Upon arrival in the city, they grabbed a bus and went up the mountain to the ruins. They entered the main gate of Machu Pichu ruins on a slightly cloudy, beautiful day. They were able to secure the same guide as before, but Geneva says that the place looks different the second time, and she saw things that she did not see the first time! Freddie showed them a couple of the huge chinchilla’s that live in the rock walls of the ruins. Not much is known about the history of these animals. But they proliferate and are not very afraid of tourists.
The also spotted a large lizard lounging on a warm rock along one of the terraces. During this visit to Machu Pichu ruins there were llamas roaming around the place. They also were not afraid of tourists. There is a large area that archeologists presume was used as a llama pen when Machu Pichu was occupied. But these llamas wandered freely along the trails and structures. Near the llama pen area is the huge central plaza. This is surrounded by small housing areas and pathways leading to other parts of the city. Lidora really enjoyed examining the rocks up close as we admired the carving, shaping and precision of the rock placement and the enormous size of some of the rocks. Freddie explained that the huge boulders of the area were made smaller and shaped by using hard stone tools. (They did not have metal tools) They would chip away at the large stones to get smaller pieces to work with.
They would also heat the huge rocks by building a fire under them. Then throw water on the rocks to cause rapid cooling. The rocks would crack and crumble into a size that could be carved to fit the needs of construction. Once they were carved to the proper shape the stones were moved into position using a roller stone. These long, cylindrical stones would be placed underneath the large stone. Water pours from fresh mountain streams in this region. The city of Machu Pichu had an elaborate system for managing water for various uses. There were channels to carry water to the terraces for crops. There was a way to transfer water to the llama pen. There was also a system for the water that was used for drinking and bathing.
We also learned that this is a UNESCO site, and the rules for that include forbidding further reconstruction. This means that from the day it was named a UNESCO site, it can have basic repairs made, but no new reconstruction can be completed. So as trails are cleared and walkways are maintained, the stones they gather can only be placed in neat piles. Throughout the ruins there are piles like this, that contain stones which fit into the puzzle somewhere, but will remain there untouched. The ruins include several areas that are presumed to have been temples to the gods. In Incan tradition, the gods included the animals and the earth. This particular rock is possibly carved to be shaped to honor the mountain behind it. It is an incredible example of workmanship and understanding of stone, as it is made from one continuous piece of rock.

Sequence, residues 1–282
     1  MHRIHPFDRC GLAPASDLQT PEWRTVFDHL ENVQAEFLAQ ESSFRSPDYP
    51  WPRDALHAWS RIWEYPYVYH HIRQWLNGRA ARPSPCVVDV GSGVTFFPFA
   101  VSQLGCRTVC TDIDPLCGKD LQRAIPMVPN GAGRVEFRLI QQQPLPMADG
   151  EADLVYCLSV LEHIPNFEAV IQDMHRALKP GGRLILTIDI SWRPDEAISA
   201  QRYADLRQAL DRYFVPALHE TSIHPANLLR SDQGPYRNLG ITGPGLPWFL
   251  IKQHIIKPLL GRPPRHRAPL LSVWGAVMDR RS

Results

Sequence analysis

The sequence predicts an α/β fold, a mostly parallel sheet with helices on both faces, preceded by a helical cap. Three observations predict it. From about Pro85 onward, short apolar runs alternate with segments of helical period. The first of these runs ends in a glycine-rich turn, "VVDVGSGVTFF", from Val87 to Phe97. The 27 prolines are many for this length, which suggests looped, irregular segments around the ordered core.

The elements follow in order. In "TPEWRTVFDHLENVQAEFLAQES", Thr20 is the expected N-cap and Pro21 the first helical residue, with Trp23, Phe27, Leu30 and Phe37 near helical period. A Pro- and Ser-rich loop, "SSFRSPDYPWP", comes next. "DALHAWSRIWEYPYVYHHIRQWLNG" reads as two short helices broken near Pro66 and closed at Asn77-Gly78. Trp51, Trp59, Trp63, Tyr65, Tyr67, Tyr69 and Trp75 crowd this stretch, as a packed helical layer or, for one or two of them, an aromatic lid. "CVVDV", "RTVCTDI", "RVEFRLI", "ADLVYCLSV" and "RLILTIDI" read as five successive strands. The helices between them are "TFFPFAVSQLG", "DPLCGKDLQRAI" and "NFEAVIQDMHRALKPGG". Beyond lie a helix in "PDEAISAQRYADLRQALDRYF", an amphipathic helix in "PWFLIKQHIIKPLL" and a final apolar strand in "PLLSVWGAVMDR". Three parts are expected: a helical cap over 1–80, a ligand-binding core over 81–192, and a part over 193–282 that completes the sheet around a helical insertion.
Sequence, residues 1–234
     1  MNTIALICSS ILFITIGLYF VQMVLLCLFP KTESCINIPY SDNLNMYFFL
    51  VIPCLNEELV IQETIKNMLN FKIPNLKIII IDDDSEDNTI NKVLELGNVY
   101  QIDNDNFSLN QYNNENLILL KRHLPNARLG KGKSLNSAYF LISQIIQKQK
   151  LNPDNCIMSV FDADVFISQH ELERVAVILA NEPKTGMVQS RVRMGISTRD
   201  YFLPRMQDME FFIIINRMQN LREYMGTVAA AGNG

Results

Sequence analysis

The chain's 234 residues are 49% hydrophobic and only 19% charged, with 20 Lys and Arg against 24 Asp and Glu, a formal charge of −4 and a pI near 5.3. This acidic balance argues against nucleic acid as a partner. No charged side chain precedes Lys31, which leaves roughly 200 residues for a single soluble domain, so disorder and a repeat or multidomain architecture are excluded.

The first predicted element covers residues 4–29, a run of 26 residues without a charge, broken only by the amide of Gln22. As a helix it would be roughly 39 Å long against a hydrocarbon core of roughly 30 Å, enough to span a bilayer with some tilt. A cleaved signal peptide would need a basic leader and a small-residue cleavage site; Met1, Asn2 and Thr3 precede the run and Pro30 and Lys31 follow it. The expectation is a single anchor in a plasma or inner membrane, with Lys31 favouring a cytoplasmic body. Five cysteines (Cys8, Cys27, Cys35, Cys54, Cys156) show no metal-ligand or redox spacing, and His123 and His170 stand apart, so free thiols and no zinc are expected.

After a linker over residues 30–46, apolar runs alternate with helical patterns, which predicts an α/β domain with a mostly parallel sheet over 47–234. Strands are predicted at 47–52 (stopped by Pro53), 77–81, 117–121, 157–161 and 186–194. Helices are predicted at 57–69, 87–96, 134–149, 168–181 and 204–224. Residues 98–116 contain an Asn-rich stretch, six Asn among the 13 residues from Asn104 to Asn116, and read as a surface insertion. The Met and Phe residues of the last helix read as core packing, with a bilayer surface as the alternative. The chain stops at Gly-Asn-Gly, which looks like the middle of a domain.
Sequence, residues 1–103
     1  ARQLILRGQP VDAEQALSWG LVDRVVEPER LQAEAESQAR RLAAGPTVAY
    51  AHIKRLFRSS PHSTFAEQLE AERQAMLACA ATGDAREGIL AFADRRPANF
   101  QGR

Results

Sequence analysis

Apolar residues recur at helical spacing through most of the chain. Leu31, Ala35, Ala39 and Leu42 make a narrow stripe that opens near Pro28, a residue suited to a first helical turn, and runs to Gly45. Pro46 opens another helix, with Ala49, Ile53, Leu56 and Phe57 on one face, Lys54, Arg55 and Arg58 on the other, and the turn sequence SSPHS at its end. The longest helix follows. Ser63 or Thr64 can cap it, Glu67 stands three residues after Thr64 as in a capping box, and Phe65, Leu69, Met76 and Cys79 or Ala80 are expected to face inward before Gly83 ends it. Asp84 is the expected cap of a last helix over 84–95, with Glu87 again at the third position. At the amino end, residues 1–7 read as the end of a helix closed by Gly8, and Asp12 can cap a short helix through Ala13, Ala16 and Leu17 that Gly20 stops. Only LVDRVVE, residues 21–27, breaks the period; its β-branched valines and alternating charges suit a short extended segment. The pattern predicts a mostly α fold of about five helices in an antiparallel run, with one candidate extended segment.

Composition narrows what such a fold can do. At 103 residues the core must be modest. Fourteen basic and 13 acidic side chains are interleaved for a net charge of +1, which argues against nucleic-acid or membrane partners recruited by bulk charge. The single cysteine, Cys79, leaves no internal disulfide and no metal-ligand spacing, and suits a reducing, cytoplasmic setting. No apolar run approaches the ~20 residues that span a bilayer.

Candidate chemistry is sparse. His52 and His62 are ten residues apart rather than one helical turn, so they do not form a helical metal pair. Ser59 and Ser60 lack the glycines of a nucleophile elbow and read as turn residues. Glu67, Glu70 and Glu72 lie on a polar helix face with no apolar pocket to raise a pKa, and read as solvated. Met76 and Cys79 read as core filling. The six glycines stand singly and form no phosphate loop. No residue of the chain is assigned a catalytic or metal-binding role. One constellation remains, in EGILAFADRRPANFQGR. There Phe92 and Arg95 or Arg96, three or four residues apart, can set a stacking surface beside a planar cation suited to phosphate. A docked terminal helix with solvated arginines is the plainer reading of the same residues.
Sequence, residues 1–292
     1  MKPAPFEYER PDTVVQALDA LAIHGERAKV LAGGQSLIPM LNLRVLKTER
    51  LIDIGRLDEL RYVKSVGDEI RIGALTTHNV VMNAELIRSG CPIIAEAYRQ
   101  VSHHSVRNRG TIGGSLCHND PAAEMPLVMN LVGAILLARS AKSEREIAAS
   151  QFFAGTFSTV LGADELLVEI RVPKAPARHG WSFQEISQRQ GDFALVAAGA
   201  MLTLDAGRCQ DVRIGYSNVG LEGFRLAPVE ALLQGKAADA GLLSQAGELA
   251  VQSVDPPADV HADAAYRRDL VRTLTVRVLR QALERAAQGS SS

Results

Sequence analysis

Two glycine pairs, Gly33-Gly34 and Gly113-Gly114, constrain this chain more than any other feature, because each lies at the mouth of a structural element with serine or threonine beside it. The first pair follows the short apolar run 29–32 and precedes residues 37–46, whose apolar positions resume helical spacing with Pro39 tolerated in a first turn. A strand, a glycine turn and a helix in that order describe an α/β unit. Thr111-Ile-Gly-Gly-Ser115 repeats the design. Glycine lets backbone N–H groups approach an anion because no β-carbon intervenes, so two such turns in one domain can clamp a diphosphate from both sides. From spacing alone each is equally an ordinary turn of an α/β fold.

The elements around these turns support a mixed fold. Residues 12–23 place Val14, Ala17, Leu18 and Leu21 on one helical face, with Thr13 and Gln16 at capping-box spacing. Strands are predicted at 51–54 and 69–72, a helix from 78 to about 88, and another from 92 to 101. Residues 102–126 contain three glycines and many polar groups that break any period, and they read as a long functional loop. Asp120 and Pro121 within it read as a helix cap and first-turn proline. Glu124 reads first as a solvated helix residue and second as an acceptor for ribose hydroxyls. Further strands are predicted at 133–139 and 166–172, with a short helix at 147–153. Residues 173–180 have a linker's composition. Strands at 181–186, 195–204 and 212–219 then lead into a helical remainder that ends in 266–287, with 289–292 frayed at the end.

One of the hardest aspects to ponder at Machu Pichu is the sheer impact of tourism. There are over 5,000 people per day at this location. Five thousand people with their footprints, their weight and their exploration of the ruins. Because of this, some areas are closed off and others are beginning to show the effects. Coming up with a solution is a very real matter for the future of this treasure. After their tour, Lidora and Geneva returned to the city of Machu Pichu for a delicious dinner at the same restaurant. Then some shopping and sleep. The next morning they boarded a train to take them back to Ollantaytambo. This time there was an unusual passenger on the train. It seems that a traveler had fallen at the ruins and possibly broken his neck. This orange bag contains a man on a back board. He is accompanied by his wife and a nurse/medic. We wish him the best for a speedy recovery and the best possible outcome.
I will close with a gathering of the beautiful photos we each took of this amazing place. We feel very fortunate to have had the opportunity to experience it in different ways. Look through this collection and choose your favorite photo. Let us know what you pick!
Thank you for enjoying these visits to Machu Pichu with us. Remember to sign up to receive these blog stories by email. And follow along as we continue to explore Peru and then head to our next country on the adventure.
One thought on “Peru- Machu Pichu 3 times, seriously!”
Great blog and lots of good information for me to review when we get there. I’m thinking we will park near Ollantaytambo and take the train from there. Where did you park? Did you have to book the train ahead (we’re not walking the track!)? Did you have to buy your tickets for MP ahead online? Are Machu Picchu village and Aguas Calientes the same place? And it seems we have to spend at least one night there to catch the morning bus. I know lots of questions LOL!!! Just like to be prepared 🙂 thanks guys!